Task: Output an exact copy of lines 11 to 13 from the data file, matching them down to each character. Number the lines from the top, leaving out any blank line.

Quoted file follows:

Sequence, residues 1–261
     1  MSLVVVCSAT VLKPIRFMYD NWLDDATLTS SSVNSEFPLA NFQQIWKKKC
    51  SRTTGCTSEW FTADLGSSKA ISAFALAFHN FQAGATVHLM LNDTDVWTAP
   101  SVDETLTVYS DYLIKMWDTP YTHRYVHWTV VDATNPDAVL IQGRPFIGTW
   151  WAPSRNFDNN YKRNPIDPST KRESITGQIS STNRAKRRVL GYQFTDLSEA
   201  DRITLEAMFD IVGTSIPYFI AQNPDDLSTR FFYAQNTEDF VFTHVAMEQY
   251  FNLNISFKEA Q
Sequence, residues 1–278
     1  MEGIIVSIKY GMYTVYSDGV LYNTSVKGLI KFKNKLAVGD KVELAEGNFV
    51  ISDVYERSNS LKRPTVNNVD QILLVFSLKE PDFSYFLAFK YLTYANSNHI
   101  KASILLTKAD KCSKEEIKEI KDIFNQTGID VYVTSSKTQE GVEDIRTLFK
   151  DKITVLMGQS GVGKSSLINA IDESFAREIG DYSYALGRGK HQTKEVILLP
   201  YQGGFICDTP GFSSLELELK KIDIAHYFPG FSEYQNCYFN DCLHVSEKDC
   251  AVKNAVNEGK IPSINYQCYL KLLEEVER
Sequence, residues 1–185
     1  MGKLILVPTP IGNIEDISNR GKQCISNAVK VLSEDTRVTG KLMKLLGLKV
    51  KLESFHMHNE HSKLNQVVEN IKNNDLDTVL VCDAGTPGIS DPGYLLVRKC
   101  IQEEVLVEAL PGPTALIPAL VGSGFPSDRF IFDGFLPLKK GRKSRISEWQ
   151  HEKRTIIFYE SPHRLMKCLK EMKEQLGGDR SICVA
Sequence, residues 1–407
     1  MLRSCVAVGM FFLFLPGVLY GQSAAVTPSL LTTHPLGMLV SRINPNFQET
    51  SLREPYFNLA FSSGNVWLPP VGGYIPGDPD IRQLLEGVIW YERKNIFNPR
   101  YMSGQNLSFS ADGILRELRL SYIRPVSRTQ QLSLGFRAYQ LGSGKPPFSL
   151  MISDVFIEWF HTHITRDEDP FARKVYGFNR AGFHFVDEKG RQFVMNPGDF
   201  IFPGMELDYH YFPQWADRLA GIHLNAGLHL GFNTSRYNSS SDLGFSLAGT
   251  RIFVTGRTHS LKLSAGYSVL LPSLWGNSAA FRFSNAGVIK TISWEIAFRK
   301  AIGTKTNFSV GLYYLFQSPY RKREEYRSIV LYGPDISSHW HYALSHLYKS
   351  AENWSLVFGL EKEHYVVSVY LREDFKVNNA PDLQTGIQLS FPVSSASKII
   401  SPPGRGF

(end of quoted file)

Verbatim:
   101  KASILLTKAD KCSKEEIKEI KDIFNQTGID VYVTSSKTQE GVEDIRTLFK
   151  DKITVLMGQS GVGKSSLINA IDESFAREIG DYSYALGRGK HQTKEVILLP
   201  YQGGFICDTP GFSSLELELK KIDIAHYFPG FSEYQNCYFN DCLHVSEKDC